"genders, race, special needs, culture, language, and family
structure." Aside from being controversial and outside the accepted
role of government, inculcating these standards will do absolutely
nothing to close the achievement gap between poor "at risk"
children and middle-class children or promote academic achievement.
In fact, a 2005 study by researchers at the University of California at
Berkeley said, "Attendance in preschool centers, even for short
periods of time each week, hinders the rate at which young children
develop social skills and display the motivation to engage classroom
tasks, as reported by their kindergarten teachers." So, in fact,
preschool does not improve children's social interaction and development;
they harm them. The proposed government solution is creating the very
crisis it purports to solve.
Sadly, the other major and even more dangerous way for intervening in the
mental health of young children is using powerful psychiatric drugs as a
chemical straitjacket. A 2000 study published in the Journal of the
American Medical Association revealed a 300% increase in the use of these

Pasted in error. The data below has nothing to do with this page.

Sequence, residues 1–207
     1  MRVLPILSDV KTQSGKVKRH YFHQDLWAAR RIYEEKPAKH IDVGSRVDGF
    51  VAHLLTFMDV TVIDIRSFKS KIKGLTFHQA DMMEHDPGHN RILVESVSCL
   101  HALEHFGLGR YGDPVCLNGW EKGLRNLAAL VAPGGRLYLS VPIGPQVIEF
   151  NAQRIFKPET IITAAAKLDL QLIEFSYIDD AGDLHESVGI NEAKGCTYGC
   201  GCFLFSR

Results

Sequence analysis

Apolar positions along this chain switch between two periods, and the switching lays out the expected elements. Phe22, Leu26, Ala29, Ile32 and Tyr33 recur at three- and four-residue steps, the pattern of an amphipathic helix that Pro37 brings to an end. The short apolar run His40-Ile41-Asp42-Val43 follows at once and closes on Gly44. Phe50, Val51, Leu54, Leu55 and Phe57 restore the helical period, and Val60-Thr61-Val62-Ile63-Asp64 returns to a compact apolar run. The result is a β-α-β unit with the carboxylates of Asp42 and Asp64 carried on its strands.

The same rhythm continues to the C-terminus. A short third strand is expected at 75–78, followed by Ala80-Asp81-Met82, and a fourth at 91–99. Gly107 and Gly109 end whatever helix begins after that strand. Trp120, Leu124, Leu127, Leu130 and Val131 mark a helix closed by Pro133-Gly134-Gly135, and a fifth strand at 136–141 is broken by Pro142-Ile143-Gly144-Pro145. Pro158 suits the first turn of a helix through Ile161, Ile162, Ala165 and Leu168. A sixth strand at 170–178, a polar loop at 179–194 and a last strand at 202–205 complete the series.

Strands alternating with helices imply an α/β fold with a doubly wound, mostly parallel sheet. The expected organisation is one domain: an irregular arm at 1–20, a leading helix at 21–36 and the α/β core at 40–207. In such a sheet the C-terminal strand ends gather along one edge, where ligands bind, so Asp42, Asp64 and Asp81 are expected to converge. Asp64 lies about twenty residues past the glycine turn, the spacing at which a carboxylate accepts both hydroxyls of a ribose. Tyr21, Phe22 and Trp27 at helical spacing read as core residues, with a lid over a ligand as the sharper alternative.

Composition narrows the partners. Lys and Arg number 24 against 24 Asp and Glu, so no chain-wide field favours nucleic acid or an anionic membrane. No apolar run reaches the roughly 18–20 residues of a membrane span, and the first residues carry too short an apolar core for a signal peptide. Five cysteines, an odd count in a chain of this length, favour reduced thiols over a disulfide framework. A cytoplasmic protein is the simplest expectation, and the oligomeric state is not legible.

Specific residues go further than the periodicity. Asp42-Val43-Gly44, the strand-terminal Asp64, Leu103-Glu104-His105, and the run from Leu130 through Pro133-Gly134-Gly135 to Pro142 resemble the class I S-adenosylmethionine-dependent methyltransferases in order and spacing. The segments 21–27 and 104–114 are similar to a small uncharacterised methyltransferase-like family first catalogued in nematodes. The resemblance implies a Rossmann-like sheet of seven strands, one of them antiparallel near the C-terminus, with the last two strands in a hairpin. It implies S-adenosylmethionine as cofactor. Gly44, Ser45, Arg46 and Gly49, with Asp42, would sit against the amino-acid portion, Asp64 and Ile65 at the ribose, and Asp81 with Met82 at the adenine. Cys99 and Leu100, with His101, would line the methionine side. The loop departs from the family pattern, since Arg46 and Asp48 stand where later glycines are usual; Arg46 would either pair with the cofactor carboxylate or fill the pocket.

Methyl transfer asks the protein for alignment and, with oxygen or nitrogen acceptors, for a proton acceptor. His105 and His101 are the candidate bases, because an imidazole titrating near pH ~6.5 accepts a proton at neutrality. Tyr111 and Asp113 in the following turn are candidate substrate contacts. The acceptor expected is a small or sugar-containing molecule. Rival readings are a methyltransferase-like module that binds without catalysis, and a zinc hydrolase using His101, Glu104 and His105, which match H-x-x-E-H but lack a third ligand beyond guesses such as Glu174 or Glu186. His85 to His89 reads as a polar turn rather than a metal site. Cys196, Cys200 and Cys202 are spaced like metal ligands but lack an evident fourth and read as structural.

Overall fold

drugs in 2-to-4-year-old children between 1991 and 1995. And key child
psychiatric opinion leader Dr. David Willis said,
"Psychopharmacology is on the horizon as preventive therapy for
children with genetic susceptibility to mental health problems."
Yet, the science behind the diagnostic criteria, the screening
instruments, and the treatments, whether drug or educational and social
interventions, is appallingly bad. Dr. Benedetto Vitiello, chief of child
and adolescent psychiatry at the National Institutes of Health
acknowledged the "diagnostic uncertainty surrounding most
manifestations of psychopathology in young children." The technical
information for one of the most commonly used screening instruments for
young children admits that it is wrong 73% of the time. There are no
studies showing long-term safety and effectiveness or effect on the
developing brains and bodies of any psychiatric drug in children.
Yet, two of the three classes of these drugs are under the FDA's most